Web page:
Install Node Exporter on the same machine as NiFi. You can download the binary from the Prometheus website or use a package manager like apt-get or yum.


Step 2: Configure Node Exporter

Create a configuration file (e.g., node_exporter.yml) with the following content:

YAML

metrics_path: /metrics
scrape_interval: 10s
static_configs:
  - targets: ['localhost:8080']
    labels:
      instance: 'nifi-instance'

This configuration tells Node Exporter to:


  • Expose metrics at the /metrics endpoint

  • Scrape metrics every 10 seconds

  • Target the NiFi instance running on localhost:8080 and label it as nifi-instance


Prometheus Node Exporter parameters

YAML

nodeExporter:
  enabled: true
  port: 9100
  path: "/metrics"
  params:
    - "fs.nifi.metrics.path=/metrics"
    - "fs.nifi.metrics.scrape_interval=10s"
    - "fs.nifi.metrics.static_configs=- targets: ['localhost:8080']"

Here's an explanation of the configuration:

  • enabled: true enables the Node Exporter

  • port: 9100 specifies the port number for the Node Exporter

  • path: "/metrics" specifies the path for the metrics endpoint

  • params is a list of parameters to pass to the Node Exporter

  • fs.nifi.metrics.path=/metrics specifies the path for the NiFi metrics

  • fs.nifi.metrics.scrape_interval=10s specifies the scrape interval for NiFi metrics

  • fs.nifi.metrics.static_configs=- targets: ['localhost:8080'] specifies the static configuration for NiFi metrics, targeting the NiFi instance on localhost:8080


Once you've added this configuration to the values.yaml file, you can install or upgrade the

NiFi Helm chart using the following command:

helm install --values values.yaml nifi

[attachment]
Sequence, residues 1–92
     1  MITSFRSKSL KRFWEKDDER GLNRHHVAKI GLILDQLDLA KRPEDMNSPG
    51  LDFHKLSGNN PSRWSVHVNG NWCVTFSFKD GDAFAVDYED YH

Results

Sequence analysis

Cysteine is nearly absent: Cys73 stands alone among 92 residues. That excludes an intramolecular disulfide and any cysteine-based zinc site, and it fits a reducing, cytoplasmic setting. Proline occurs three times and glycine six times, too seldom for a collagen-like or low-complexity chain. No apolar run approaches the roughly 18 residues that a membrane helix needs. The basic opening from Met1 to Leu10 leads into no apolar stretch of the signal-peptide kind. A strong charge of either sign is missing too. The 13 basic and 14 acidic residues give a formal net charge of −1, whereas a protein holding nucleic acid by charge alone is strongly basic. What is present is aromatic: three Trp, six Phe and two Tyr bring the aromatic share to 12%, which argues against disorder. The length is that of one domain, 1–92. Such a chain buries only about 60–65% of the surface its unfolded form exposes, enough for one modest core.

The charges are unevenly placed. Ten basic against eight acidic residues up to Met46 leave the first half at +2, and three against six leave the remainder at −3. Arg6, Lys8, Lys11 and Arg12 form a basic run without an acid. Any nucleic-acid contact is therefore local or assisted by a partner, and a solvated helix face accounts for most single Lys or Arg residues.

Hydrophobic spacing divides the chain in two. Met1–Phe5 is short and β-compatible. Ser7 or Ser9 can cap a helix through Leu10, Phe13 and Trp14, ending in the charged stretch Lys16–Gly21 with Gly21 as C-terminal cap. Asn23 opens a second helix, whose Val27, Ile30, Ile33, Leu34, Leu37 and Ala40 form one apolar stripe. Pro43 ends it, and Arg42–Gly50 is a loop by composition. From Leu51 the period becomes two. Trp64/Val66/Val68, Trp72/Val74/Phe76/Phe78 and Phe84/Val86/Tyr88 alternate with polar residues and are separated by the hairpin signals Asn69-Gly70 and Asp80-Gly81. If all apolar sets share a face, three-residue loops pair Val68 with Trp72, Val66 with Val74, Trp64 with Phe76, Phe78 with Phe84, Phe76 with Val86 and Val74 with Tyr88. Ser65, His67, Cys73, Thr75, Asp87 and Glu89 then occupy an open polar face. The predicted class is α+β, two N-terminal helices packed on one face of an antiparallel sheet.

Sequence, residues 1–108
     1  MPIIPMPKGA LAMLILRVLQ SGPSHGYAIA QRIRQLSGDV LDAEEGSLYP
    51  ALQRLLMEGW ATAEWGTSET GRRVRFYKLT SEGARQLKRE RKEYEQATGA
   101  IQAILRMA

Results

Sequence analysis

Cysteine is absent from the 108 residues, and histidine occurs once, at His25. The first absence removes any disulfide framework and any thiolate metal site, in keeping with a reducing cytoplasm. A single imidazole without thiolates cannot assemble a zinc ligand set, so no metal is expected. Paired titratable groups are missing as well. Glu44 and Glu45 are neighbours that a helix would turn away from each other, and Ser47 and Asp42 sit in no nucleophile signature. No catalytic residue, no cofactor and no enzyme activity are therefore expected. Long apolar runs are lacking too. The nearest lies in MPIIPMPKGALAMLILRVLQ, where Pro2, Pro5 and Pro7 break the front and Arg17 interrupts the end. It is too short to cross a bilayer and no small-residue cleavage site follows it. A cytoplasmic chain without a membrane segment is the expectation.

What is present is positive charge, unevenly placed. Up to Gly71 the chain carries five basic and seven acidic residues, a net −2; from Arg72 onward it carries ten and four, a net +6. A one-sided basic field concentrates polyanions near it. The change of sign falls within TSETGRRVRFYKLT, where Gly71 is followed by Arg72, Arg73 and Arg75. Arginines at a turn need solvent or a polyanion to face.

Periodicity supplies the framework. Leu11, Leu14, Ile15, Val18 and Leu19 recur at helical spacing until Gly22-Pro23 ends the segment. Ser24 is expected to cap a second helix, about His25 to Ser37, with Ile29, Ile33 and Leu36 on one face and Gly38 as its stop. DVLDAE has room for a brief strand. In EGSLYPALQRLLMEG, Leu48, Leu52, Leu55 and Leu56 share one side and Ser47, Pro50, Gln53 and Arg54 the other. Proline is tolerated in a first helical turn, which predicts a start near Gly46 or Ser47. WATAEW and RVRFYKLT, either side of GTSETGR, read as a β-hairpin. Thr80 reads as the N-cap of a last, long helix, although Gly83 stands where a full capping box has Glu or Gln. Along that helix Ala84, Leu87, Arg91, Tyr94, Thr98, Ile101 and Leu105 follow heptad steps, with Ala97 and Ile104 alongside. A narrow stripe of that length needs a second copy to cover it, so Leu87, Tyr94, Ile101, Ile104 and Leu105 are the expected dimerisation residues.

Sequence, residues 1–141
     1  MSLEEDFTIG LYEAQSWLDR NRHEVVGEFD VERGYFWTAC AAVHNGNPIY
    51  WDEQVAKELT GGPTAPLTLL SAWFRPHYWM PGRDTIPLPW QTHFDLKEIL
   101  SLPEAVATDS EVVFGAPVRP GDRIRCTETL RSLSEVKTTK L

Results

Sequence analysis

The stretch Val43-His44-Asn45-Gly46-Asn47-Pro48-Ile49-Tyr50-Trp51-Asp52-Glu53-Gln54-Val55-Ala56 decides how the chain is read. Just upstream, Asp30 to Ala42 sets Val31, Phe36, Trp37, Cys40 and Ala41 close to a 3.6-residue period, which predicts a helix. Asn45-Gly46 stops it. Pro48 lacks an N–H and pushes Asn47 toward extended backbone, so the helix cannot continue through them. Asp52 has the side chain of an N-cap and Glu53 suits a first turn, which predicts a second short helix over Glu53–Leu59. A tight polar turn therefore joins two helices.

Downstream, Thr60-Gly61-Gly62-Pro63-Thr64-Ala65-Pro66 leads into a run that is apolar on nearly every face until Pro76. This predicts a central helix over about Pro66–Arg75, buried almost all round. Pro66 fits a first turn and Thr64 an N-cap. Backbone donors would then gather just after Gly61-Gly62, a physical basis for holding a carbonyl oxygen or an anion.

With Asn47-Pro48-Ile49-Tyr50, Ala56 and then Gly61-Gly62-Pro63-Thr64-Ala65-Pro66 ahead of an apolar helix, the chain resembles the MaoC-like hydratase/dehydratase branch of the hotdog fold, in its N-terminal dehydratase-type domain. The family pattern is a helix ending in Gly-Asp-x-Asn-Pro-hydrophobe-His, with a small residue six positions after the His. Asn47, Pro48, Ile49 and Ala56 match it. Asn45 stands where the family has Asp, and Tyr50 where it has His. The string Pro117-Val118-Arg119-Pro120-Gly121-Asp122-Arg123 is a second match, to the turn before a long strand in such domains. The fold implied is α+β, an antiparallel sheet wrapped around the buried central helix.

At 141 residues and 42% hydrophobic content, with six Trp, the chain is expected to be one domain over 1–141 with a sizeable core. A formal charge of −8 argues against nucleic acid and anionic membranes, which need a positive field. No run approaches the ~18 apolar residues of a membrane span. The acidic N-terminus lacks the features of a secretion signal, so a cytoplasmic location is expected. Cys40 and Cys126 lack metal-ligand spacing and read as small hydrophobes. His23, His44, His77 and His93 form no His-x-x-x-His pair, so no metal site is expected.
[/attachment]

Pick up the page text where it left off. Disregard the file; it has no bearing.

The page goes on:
Alternatively, you can also specify these parameters as command-line arguments when installing or upgrading the chart:

helm install --set nodeExporter.enabled=true --set nodeExporter.port=9100 --set nodeExporter.path=/metrics --set nodeExporter.params[0]="fs.nifi.metrics.path=/metrics" --set nodeExporter.params[1]="fs.nifi.metrics.scrape_interval=10s" --set nodeExporter.params[2]="fs.nifi.metrics.static_configs=- targets: ['localhost:8080']" nifi

This will enable the Node Exporter with the specified parameters, allowing Prometheus to scrape metrics from the NiFi instance.


Step 4: Start Node Exporter

Start Node Exporter with the configuration file:

node_exporter --config.file=node_exporter.yml

Step 5: Scrape Metrics with Prometheus

Configure Prometheus to scrape metrics from Node Exporter:

YAML

scrape_configs:
  - job_name: 'nifi-metrics'
    static_configs:
      - targets: ['localhost:9100']
        labels:
          instance: 'nifi-instance'

Prometheus will now scrape metrics from Node Exporter, which exposes NiFi metrics.

Examples of NiFi Metrics

Some examples of NiFi metrics that can be monitored using Node Exporter and Prometheus include:

  • nifi_flowfile_queue_size: The number of FlowFiles in the queue

  • nifi_flowfile_processed_count: The number of FlowFiles processed

  • nifi_byte_count: The number of bytes transferred

  • nifi_error_count: The number of errors encountered

These metrics can be used to monitor NiFi performance, identify bottlenecks, and optimize workflows.


Visualizing Metrics with Grafana

Use Grafana to visualize the metrics collected by Prometheus. Create dashboards and charts to display NiFi metrics, such as:

  • FlowFile queue size over time

  • FlowFile processing rate

  • Byte transfer rate

  • Error rate

This provides a comprehensive view of NiFi performance and helps identify areas for optimization.


28 views0 comments

Comments


bottom of page